Today, the Virginia Department of Health’s (VDH) Office of Drinking Water (ODW) announced the launch of a statewide voluntary Lead Testing in Drinking Water at Schools and Child Care Centers in Virginia program. This free program will test for lead in drinking water in select Virginia public schools and child care centers.

The purpose of this program, funded by the Environmental Protection Agency (EPA), is to help Virginia public schools and child care centers identify lead occurrences in their drinking water and reduce exposure.  Currently, the program has approximately $1.1 million in funding, which will be able to collect and analyze 40,000 samples.

Virginia public schools (K-12) and child care centers interested in participating in this program should enroll at leadinvawater.org.  Selected schools/child care centers will be notified by the VDH team.

Selection to the program is based on available funding with prioritization based upon the affordability criteria established by the state under the Safe Drinking Water Act (SDWA), to include schools with at least 50% of the children receiving free and reduced lunch and head start facilities. Priority will also be given to elementary schools and child care centers that primarily serve children 6 years and under and older facilities that are more likely to contain lead plumbing.

“This program is an amazing opportunity to partner with schools and child care centers to help identify and reduce lead exposure in drinking water in children,” said Dr. Tony Singh, deputy director of the Office of Drinking Water. “Every action we take to reduce lead exposures improves the health of our children.”

Protecting children from lead exposure is important for lifelong health, according to the Center for Disease Control and Prevention (CDC) and the EPA.  Lead is especially harmful to the health of children because it can interfere with brain development.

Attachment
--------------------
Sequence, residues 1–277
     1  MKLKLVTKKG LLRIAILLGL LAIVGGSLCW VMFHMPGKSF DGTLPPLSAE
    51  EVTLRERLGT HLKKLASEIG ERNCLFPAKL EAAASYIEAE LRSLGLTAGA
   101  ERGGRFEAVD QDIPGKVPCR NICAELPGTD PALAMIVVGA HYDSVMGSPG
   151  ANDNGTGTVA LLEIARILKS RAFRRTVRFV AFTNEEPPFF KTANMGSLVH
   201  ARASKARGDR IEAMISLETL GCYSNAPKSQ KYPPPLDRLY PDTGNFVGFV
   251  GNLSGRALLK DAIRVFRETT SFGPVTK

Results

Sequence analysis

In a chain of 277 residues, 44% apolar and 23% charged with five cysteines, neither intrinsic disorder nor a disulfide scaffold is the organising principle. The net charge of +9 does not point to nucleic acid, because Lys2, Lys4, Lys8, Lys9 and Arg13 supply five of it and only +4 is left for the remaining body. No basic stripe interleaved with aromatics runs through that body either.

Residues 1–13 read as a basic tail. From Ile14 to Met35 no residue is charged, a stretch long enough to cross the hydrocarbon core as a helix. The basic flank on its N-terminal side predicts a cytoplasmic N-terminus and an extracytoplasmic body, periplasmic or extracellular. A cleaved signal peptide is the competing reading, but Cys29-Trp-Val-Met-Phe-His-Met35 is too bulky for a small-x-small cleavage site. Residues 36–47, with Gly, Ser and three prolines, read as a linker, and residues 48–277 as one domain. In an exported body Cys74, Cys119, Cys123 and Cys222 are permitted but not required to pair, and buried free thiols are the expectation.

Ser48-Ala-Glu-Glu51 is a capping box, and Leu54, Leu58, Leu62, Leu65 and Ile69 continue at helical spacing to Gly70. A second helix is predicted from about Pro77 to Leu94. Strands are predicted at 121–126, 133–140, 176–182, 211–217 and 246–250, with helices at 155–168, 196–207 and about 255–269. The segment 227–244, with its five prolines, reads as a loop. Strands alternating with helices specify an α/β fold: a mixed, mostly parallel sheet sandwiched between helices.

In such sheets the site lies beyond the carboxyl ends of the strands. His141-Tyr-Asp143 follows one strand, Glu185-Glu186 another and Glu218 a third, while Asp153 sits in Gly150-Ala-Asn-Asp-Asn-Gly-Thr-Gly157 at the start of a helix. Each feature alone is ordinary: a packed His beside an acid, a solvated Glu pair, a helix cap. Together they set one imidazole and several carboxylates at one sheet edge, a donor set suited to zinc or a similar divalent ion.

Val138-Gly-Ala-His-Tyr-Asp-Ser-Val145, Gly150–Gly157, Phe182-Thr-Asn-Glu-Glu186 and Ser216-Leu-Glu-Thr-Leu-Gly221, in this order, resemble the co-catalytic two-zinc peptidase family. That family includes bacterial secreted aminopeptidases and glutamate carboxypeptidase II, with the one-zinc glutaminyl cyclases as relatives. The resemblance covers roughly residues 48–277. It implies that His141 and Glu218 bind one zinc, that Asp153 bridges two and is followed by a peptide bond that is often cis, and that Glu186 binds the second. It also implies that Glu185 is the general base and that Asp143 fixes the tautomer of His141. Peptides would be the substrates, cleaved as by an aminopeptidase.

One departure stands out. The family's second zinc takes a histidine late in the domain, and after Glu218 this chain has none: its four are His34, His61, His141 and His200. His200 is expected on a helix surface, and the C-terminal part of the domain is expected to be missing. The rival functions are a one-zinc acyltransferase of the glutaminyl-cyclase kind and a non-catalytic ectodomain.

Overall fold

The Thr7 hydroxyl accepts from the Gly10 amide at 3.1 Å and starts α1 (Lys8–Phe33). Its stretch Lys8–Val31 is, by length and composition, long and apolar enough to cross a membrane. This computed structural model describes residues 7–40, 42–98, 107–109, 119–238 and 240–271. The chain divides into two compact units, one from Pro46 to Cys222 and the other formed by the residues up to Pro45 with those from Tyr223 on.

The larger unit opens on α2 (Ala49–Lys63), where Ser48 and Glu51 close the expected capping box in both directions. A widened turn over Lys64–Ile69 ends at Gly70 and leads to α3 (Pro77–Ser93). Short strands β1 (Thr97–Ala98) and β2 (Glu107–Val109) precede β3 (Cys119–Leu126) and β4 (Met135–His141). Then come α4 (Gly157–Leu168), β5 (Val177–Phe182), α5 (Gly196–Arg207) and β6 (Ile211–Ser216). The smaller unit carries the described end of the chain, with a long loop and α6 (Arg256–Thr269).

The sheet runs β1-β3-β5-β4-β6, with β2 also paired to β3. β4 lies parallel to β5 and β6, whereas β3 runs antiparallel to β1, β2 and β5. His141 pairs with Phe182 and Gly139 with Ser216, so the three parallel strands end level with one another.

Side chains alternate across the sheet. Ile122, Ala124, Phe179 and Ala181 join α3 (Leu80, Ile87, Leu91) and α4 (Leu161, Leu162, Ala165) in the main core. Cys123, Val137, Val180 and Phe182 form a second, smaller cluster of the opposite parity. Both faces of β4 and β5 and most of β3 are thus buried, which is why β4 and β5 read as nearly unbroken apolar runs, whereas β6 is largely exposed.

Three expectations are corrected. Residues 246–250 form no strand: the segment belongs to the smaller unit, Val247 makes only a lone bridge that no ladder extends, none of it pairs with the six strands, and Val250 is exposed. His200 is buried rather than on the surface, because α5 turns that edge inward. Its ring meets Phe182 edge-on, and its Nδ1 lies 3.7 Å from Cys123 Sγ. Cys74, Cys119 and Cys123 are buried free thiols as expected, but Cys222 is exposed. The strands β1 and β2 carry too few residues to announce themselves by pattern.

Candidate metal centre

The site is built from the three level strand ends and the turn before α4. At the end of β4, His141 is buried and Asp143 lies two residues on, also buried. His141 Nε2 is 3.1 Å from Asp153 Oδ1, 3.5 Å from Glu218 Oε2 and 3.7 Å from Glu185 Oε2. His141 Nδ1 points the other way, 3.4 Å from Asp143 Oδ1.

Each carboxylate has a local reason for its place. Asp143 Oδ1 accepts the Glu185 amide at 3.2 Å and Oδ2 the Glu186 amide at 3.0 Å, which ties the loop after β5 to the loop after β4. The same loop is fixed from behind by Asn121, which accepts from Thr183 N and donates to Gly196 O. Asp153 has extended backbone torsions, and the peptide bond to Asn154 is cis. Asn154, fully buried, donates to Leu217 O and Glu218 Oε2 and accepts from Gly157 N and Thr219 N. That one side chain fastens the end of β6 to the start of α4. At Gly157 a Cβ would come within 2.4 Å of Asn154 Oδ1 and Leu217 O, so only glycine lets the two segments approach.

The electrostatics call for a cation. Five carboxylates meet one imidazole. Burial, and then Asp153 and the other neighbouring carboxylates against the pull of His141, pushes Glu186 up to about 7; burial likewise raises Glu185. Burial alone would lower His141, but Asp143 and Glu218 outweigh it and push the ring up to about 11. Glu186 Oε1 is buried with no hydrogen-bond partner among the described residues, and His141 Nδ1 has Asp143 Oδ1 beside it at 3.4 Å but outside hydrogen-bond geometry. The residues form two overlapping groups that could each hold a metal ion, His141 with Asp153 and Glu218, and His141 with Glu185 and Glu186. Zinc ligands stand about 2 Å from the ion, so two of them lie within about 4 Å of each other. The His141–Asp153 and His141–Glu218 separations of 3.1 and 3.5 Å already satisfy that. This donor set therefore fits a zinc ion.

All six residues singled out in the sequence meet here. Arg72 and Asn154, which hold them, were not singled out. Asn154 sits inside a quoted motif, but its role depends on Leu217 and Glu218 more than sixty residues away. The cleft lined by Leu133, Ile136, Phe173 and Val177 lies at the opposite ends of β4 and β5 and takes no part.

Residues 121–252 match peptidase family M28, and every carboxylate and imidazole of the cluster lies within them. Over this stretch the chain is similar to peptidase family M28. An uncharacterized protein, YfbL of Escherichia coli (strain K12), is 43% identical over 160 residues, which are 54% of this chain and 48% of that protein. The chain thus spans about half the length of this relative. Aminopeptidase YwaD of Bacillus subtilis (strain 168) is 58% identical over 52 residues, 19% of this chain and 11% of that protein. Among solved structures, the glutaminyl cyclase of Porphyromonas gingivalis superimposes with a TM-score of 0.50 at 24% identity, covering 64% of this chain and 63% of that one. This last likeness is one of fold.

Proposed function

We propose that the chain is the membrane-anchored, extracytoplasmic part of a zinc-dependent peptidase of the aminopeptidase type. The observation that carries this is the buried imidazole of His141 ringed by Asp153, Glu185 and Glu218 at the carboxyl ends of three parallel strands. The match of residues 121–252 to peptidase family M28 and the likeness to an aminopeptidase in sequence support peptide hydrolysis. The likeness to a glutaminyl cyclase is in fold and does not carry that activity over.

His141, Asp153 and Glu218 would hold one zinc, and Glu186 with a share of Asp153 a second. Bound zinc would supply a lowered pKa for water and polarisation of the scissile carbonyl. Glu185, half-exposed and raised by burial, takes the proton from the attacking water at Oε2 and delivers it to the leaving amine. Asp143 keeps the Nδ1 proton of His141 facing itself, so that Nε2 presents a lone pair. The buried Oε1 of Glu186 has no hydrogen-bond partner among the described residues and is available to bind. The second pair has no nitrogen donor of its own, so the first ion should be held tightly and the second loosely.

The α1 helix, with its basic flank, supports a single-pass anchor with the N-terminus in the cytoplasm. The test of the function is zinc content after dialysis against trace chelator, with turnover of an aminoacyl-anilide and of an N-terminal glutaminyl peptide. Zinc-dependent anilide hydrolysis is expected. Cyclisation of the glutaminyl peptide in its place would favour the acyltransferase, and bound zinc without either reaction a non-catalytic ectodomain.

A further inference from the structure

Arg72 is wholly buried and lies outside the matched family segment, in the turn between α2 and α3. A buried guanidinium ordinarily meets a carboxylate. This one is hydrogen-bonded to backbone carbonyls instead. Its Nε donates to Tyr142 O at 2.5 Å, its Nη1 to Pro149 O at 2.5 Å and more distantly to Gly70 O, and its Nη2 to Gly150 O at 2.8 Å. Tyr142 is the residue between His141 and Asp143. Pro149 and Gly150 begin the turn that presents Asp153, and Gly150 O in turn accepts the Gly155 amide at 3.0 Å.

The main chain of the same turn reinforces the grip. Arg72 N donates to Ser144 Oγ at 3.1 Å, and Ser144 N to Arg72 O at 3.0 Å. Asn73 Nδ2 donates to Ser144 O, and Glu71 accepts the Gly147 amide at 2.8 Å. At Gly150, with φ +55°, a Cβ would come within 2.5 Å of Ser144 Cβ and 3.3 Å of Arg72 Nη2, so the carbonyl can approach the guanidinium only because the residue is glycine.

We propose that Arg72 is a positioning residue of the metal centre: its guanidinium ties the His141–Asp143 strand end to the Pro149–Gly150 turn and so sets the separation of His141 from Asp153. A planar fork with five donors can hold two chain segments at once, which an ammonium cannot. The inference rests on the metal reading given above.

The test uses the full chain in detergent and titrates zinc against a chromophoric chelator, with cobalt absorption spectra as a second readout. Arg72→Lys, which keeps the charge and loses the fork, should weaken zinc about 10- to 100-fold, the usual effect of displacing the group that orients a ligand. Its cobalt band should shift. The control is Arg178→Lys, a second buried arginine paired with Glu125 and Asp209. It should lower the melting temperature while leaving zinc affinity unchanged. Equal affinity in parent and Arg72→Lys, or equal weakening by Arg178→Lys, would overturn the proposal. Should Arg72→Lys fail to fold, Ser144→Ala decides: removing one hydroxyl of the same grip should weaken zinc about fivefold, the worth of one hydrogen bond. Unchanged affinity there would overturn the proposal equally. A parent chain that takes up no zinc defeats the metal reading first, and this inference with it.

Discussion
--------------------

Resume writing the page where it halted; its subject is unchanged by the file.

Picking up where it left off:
Lead can enter drinking water when plumbing materials that contain lead corrode, especially where the water has high acidity or low mineral content. The most common sources of lead in drinking water are lead pipes, faucets, and fixtures. Lead pipes are more likely to be found in older cities and homes/buildings built before 1986 before the SDWA banned lead in plumbing fixtures.

To learn more about this program visit leadinvawater.org or email info@leadinvawater.org.

VDH Launches Firearm Injuries Data Dashboard

RICHMOND, VA – Today, the Virginia Department of Health (VDH) launched a new data dashboard on firearm injuries in Virginia showing the number and rate of emergency department (ED) visits from 2016 to 2022. The dashboard shows firearm injury data by year, health district, age group, sex, and race/ethnicity across Virginia.

The dashboard is a result of the Firearm Injury Surveillance Through Emergency Rooms (FASTER) funding awarded to VDH by the Centers for Disease Control and Prevention (CDC).  VDH is one of 10 recipients funded for three years with the goal to improve public health surveillance of firearm injuries using near-real time ED data.

“The misuse and mishandling of firearms constitute a significant cause of injury in Virginia,” said State Health Commissioner Colin M. Greene, MD, MPH. “This data set, obtained from emergency department records, will assist in the assessment of proximate causes of firearm-related injury, with an eye toward prevention of future injuries.”

The dashboard findings show:

  • The number of ED visits for firearm injury increased 72% from 2018 (1,635 visits per year) to 2021 (2,815 visits per year).
  • From January 2016 through May 2022, the majority of firearm injury ED visits in Virginia (86%) were among males.
  • Among racial groups, most ED visits for firearm injury occurred among Black patients. In 2021, 65% of ED visits for firearm injury were among Black patients, compared to 22% among White patients.
  • Young adults bear the highest burden of ED visits for firearm injury with nearly one-third (31%) occurring among adults aged 18-24 years in 2021.

VDH worked with an advisory group of partners, including hospitals, education partners, law enforcement, state agencies and community organizations, to understand data needs and gather feedback about the firearm injury data dashboard.  Hospital and freestanding EDs report data to VDH, a partnership that is key for timely tracking of community health impacts.

This data is an example of syndromic surveillance, a strategy used by public health to detect emerging health issues and monitor community health in near-real time. Learn more about syndromic surveillance at:  www.vdh.virginia.gov/surveillance-and-investigation/syndromic-surveillance/.

In the next year, VDH hopes to expand the firearm injury dashboard to include data on firearm injury hospitalizations and deaths. While intent of injury (assault, intentional self-harm, unintentional) is not available through the ED data at this time, it will be available for hospitalization and death